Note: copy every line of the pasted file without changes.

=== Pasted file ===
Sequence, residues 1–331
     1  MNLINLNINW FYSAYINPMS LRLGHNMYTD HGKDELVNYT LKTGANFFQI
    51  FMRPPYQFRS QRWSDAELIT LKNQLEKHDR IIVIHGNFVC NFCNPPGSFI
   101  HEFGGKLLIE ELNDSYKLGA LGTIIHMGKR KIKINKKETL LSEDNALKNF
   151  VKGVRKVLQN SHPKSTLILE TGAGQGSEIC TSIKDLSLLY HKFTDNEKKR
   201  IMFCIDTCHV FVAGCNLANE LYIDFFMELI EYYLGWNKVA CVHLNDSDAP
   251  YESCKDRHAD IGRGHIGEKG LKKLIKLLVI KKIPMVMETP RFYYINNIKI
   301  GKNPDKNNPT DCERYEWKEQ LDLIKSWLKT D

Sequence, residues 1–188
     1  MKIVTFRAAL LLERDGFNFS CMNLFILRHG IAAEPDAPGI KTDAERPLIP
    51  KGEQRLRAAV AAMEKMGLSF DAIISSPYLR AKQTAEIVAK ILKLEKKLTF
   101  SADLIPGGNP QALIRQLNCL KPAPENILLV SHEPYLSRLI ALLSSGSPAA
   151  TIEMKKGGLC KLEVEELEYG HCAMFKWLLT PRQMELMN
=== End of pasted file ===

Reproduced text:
Sequence, residues 1–331
     1  MNLINLNINW FYSAYINPMS LRLGHNMYTD HGKDELVNYT LKTGANFFQI
    51  FMRPPYQFRS QRWSDAELIT LKNQLEKHDR IIVIHGNFVC NFCNPPGSFI
   101  HEFGGKLLIE ELNDSYKLGA LGTIIHMGKR KIKINKKETL LSEDNALKNF
   151  VKGVRKVLQN SHPKSTLILE TGAGQGSEIC TSIKDLSLLY HKFTDNEKKR
   201  IMFCIDTCHV FVAGCNLANE LYIDFFMELI EYYLGWNKVA CVHLNDSDAP
   251  YESCKDRHAD IGRGHIGEKG LKKLIKLLVI KKIPMVMETP RFYYINNIKI
   301  GKNPDKNNPT DCERYEWKEQ LDLIKSWLKT D

Sequence, residues 1–188
     1  MKIVTFRAAL LLERDGFNFS CMNLFILRHG IAAEPDAPGI KTDAERPLIP
    51  KGEQRLRAAV AAMEKMGLSF DAIISSPYLR AKQTAEIVAK ILKLEKKLTF
   101  SADLIPGGNP QALIRQLNCL KPAPENILLV SHEPYLSRLI ALLSSGSPAA
   151  TIEMKKGGLC KLEVEELEYG HCAMFKWLLT PRQMELMN